We are haunted by leaves at this time of year. They are simply everywhere. Some leaves are still on the trees, because two of our oaks are the sort which drop their leaves one by one until the last one falls as the new buds push it off at the beginning of spring, but some leaves have been forced to leave the trees because of winds; on windy days it is literally a rain of leaves everywhere around us.
Our front lawn and back garden are covered with leaves, although we’ve already mounted two thorough rakings, and particularly the leaves accumulate at our front door and on the terrace at the entrance to the garden room.
Those leaves which are piled at the doors follow us in. They come in unbeknownst on our shoes, they cling to the fur of our beloved cat, they blow into the garden room where we leave the door a cat-width open, to allow Max to come and go. Max doesn’t go far, just to the nearest neighbors to inspect what he must regard as his domain, but he seems to want and need that freedom to go out when the whim dictates. A very cat attitude. So we must allow that door slightly open, and the leaves seem to always find the opening.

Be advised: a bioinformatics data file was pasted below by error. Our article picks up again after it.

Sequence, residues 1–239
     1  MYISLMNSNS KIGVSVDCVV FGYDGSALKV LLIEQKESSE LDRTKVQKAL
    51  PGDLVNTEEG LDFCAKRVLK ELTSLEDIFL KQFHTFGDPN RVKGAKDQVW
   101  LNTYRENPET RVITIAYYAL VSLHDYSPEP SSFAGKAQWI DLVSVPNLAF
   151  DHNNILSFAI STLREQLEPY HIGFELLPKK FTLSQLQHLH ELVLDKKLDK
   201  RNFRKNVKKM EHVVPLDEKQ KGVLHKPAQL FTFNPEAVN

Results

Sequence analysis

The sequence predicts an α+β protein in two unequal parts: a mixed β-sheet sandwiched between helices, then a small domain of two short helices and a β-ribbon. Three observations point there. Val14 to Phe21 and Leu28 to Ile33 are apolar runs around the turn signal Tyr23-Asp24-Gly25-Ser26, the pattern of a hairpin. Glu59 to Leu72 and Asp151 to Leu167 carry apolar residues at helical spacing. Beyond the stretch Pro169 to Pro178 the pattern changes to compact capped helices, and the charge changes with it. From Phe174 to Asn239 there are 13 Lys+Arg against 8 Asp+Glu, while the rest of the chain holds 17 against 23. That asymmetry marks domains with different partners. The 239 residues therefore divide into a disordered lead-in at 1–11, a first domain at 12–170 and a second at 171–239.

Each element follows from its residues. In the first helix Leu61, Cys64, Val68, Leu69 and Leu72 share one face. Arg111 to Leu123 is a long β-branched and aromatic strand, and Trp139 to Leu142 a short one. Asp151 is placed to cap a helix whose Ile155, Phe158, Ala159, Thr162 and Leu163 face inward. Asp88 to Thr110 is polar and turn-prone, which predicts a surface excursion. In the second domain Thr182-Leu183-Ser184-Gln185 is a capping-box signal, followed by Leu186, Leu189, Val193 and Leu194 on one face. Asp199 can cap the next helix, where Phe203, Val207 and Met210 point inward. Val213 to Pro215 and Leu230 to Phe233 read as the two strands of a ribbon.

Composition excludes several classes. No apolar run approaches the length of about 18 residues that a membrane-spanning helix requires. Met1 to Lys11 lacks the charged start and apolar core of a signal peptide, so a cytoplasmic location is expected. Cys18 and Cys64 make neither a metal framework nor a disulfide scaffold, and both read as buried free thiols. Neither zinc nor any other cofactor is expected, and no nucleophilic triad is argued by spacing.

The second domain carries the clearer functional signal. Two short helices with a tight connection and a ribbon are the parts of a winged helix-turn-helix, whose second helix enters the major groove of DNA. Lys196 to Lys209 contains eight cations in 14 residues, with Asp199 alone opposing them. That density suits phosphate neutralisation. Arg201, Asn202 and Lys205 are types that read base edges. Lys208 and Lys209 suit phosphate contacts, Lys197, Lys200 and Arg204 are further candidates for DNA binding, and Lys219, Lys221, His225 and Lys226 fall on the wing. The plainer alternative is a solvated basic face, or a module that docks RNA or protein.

We actually like the leaves, for the most part. When the leaves turn colors, a branch is as lovely as any bouquet of flowers. Where leaves land in the flower beds, they give kind shelter to tender plants when the temperatures drop, and occasionally one finds a leaf that has dropped but still has brilliant colorings and is quite a work of art in itself. And we like the sense of drama when the leaves fall in showers because a breeze suddenly accelerates. Finally, we like the leaves for what they become when they are chopped and piled and left to metamorphosis into lovely mulch and eventually good garden earth.
But nevertheless there are times when we feel a very strong wish that a very strong north wind would come along, and take those leaves south.